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Rigidity

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Updated May 22, 2009

Definition: Inflexibility in movements. An arm or a leg is said to be rigid when it resists movement.

Rigidity is one of the primary symptoms of Parkinson's disease and refers to stiffness and resistance to movement of a body part. Sometimes there is a jerky "cogwheel" phenomenon in an arm or leg when the doctor tries to move your limb around.

Rigidity also may occur in the neck, shoulders, hips and ankles. The stiffness and reduced range of motion may be painful. In fact, one of the earliest symptoms of PD for some people is stiffness and pain in the shoulder. For some persons with PD, rigidity of the neck and trunk (axial rigidity) may occur, resulting in a curving of the spine or a stooped posture and this stooped posture can cause additional stiffness and rigidity.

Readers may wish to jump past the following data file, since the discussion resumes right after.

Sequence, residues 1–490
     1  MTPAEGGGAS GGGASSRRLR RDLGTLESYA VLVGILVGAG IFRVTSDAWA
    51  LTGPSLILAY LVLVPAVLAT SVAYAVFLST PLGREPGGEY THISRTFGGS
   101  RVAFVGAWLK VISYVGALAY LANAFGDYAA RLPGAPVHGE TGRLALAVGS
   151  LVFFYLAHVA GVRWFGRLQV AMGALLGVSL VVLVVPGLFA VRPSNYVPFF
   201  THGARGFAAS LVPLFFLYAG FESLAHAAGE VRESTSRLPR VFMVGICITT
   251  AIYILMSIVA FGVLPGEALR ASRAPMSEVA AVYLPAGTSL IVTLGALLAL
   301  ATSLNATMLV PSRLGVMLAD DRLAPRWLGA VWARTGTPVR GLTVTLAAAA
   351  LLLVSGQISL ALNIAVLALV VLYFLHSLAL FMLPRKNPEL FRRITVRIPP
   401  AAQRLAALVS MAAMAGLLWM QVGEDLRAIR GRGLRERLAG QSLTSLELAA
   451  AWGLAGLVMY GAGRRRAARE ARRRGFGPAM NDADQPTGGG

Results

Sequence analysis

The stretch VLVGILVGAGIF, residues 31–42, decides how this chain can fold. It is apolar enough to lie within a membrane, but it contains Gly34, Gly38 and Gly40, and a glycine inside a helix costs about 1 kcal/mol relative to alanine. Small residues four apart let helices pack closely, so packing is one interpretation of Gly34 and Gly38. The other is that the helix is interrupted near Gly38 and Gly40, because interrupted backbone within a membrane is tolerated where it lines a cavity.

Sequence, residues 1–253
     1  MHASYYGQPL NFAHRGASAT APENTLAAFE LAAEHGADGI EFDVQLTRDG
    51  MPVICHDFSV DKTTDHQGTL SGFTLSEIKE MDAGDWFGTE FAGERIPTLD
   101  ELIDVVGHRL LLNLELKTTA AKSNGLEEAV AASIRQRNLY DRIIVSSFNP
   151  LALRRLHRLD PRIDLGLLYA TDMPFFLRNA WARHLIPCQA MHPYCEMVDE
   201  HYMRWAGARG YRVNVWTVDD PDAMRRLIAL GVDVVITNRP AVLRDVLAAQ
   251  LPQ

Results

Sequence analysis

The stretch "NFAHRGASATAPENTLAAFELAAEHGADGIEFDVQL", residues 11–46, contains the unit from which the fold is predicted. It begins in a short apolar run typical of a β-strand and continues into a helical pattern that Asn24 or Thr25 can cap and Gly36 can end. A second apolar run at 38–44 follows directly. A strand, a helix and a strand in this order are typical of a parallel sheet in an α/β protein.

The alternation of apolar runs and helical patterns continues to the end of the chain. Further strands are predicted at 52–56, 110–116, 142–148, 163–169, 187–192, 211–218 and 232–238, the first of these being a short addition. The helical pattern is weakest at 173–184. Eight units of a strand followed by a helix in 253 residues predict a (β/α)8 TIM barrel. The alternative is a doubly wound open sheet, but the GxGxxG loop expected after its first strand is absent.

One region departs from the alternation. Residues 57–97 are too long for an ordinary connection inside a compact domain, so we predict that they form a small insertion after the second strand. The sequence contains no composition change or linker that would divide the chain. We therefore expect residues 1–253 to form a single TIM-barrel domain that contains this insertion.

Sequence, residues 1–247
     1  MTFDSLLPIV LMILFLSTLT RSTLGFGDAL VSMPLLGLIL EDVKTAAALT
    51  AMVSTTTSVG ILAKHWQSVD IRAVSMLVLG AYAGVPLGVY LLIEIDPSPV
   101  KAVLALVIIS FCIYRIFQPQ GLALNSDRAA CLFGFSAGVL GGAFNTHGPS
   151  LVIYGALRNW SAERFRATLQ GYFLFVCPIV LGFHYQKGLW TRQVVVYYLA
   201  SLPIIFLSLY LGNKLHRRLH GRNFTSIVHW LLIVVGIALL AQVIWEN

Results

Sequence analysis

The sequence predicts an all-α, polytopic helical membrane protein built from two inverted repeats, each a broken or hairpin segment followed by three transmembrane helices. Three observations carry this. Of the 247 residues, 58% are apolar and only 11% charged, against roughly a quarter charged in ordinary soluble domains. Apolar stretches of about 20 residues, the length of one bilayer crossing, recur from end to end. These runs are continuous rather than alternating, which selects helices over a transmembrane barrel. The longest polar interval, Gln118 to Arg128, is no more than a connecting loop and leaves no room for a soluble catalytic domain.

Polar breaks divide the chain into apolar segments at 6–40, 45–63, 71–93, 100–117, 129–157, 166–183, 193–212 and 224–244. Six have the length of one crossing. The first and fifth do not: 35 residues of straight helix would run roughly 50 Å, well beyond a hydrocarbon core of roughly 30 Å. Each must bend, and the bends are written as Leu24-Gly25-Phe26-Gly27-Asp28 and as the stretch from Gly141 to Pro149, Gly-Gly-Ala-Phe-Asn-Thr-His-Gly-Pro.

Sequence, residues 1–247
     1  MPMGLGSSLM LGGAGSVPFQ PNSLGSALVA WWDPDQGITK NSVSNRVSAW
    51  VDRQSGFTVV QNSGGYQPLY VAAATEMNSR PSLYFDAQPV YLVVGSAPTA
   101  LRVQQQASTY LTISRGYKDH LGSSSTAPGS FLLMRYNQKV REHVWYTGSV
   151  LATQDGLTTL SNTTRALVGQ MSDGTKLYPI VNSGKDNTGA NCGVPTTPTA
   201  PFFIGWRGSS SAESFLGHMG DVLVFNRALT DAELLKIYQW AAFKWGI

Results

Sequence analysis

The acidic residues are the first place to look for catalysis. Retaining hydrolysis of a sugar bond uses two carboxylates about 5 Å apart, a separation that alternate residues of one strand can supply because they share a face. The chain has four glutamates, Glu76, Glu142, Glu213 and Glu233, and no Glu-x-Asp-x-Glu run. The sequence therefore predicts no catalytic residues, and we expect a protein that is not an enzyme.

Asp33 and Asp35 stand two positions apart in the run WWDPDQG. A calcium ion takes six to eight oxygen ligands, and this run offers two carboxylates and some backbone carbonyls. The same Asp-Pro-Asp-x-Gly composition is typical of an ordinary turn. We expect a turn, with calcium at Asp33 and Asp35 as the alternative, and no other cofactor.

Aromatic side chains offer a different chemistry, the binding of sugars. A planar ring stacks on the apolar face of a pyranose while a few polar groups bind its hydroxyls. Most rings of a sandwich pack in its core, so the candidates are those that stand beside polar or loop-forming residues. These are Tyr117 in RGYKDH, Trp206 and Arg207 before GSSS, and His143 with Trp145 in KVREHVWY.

Source:

Jankovic J. Parkinson's disease: clinical features and diagnosis. J Neurol Neurosurg Psychiatry. 2008 Apr;79(4):368-76. Review.

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